Appeal from the United States District Court for the District of New Jersey - Newark, D.C. Civil No. 86-3743.
Seitz, Hutchinson, and Rosenn, Circuit Judges.
The principal issue in this diversity action requires us to determine the effect of the parol evidence rule on plaintiff-appellee Fr. Winkler KG's ("Winkler") attempt to recover on two promissory notes guaranteed by defendant-appellant Gene Stoller. By order dated February 24, 1987, the United States District Court for the District of New Jersey granted plaintiff's motion for summary judgment on the notes, and permitted defendant leave to file a counterclaim. Thereafter, the court denied Stoller's motion for reconsideration and dismissed his counterclaim. The defendant appeals and we affirm.
In 1968, Winkler, a West German manufacturer of bakery equipment, entered into an exclusive North American dealership agreement with Bakers Equipment Winkler, Inc. ("BEW"), a New York corporation engaged in the sale and service of bakery machinery. The agreement extended for a fifteen year period unless either party gave notice of termination one year prior to the termination date. In 1973, Stoller became BEW's chief executive officer.
As consideration for the bakery equipment that it purchased, BEW executed a series of promissory notes payable to Winkler, who, in turn, discounted them with its lender, Deutche Bank. In May 1980, Winkler began requiring Stoller's personal guarantee on all subsequent promissory notes. The plaintiff explained that Deutche Bank would no longer discount BEW's notes without Stoller's guarantee. In compliance with Winkler's request, Stoller guaranteed seven notes on September 2, 1980.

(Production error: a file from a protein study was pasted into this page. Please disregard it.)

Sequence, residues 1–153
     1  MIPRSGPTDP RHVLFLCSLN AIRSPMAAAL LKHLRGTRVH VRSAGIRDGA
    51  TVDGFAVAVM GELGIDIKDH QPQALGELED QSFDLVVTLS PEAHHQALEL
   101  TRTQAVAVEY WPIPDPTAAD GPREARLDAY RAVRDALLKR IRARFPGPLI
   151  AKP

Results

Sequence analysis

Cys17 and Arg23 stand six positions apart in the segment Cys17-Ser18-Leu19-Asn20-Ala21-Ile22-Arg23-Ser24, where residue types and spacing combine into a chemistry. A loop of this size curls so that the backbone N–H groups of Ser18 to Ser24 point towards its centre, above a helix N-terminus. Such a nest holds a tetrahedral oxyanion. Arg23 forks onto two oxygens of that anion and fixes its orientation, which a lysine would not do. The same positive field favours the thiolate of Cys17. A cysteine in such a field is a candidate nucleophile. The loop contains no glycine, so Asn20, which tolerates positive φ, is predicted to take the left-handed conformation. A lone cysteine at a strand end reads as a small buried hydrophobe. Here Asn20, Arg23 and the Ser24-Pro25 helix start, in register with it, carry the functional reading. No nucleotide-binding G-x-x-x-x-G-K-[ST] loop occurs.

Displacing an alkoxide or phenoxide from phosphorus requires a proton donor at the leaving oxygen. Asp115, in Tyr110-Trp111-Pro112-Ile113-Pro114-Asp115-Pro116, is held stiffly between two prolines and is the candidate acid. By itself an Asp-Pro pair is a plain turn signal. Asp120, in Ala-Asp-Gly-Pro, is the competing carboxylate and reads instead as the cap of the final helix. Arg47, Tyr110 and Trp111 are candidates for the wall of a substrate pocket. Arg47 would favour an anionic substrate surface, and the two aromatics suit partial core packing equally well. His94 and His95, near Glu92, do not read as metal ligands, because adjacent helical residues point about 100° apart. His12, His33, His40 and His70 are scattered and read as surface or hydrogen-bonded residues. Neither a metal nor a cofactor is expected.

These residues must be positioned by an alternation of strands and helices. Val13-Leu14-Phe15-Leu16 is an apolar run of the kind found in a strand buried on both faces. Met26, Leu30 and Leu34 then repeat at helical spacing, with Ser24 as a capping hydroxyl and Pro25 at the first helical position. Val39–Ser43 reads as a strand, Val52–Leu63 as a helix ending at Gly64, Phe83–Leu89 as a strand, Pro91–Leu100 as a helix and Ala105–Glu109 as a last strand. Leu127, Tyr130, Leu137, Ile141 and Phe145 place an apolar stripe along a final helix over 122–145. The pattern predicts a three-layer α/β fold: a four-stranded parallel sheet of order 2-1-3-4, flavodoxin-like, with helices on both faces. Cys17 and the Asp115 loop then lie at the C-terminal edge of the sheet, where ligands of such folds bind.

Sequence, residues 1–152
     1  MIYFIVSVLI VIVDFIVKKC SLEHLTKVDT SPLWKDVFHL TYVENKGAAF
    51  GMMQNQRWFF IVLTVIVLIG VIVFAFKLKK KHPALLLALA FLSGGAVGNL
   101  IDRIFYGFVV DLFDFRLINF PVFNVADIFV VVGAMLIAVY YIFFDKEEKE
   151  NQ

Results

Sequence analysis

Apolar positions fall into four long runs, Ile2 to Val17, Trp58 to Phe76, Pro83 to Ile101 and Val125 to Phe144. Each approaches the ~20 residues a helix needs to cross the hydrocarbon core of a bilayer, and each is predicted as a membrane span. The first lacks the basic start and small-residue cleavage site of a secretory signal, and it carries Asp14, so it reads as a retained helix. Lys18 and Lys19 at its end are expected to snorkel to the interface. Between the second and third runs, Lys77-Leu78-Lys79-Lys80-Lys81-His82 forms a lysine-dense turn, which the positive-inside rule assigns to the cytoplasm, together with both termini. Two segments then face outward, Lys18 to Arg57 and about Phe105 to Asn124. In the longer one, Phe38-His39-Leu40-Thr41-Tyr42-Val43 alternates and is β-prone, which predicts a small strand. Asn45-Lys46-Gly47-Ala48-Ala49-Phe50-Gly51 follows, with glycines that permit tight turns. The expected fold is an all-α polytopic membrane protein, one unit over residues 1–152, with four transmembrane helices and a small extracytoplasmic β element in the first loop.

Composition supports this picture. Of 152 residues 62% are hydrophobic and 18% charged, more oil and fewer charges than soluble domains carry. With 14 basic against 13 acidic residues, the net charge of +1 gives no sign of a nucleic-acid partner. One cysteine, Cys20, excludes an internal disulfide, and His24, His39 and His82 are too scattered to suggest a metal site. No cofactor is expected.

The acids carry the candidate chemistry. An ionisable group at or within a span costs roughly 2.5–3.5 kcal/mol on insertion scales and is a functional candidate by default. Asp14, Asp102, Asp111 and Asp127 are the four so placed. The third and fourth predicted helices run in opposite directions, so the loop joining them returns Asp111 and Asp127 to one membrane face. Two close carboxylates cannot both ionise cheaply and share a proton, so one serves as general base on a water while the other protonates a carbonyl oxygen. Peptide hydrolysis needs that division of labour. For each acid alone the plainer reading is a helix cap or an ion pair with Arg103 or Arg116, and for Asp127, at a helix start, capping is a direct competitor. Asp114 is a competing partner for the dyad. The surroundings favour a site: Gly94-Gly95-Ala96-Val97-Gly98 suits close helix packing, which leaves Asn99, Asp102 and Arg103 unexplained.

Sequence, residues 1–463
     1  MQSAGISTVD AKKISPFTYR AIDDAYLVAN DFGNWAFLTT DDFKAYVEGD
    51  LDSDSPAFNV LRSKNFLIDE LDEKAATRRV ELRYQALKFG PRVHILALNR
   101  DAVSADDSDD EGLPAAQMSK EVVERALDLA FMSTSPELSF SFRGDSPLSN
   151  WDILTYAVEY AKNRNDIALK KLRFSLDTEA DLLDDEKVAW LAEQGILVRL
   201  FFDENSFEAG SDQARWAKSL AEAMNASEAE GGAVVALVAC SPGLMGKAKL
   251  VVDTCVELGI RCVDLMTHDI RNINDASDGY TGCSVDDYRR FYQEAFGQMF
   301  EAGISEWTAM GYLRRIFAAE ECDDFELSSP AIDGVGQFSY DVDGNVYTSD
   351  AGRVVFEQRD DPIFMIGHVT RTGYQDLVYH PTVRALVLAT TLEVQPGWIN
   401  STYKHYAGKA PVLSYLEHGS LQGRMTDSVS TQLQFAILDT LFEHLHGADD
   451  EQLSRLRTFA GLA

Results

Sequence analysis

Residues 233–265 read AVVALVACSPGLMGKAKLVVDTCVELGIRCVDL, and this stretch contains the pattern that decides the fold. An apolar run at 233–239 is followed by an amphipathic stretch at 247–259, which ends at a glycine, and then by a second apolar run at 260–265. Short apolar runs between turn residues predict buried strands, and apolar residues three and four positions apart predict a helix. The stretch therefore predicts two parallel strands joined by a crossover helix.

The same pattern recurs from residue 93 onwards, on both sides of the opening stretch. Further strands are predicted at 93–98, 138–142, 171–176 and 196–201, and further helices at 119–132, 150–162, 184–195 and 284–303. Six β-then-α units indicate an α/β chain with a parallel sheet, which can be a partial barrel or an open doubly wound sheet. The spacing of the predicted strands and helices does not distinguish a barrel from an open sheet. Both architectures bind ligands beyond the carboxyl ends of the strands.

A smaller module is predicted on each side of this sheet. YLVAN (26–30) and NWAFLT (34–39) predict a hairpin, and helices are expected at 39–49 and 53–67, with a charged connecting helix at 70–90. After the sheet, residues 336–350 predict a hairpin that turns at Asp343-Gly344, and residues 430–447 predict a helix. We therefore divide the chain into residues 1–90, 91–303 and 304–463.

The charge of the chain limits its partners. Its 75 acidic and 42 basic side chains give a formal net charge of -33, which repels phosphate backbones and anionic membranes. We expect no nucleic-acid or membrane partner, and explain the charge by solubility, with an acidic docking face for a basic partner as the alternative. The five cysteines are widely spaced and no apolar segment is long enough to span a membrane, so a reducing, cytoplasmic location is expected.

On August 4, 1982, Stoller guaranteed two additional notes on BEW's behalf in consideration for the purchase of equipment. These notes, which form the basis of this appeal, had an aggregate value of $671,485.88. On the front of each note, Stoller signed his name followed by the designation "chief executive officer" to indicate his representative capacity. However, on the back of each note, Stoller signed only his name with no additional designation. The words "per aval Gene Stoller" were printed under each signature. Stoller admits to executing the notes in this fashion.*fn1
By letter dated August 5, 1982, Winkler informed BEW of its intention to terminate the dealership agreement. On September 17, 1982, BEW filed a voluntary petition for reorganization pursuant to chapter 11 of the Bankruptcy Code in the United States Bankruptcy Court for the District of New Jersey. Winkler, an unsecured creditor, filed a motion to compel BEW to either assume or reject the dealership agreement pursuant to 11 U.S.C. § 365(d)(2). BEW's assumption of the agreement would require it to satisfy its existing obligations to Winkler, and its rejection of the agreement would effectively excuse Winkler from future performance. Moreover, Winkler asserted that BEW was in default under the agreement based upon its failure to pay for approximately $696,716.40 in equipment purchases. BEW, in turn, asserted that it was entitled to credit for payments made by Burton Koffman*fn2 in partial satisfaction of its indebtedness.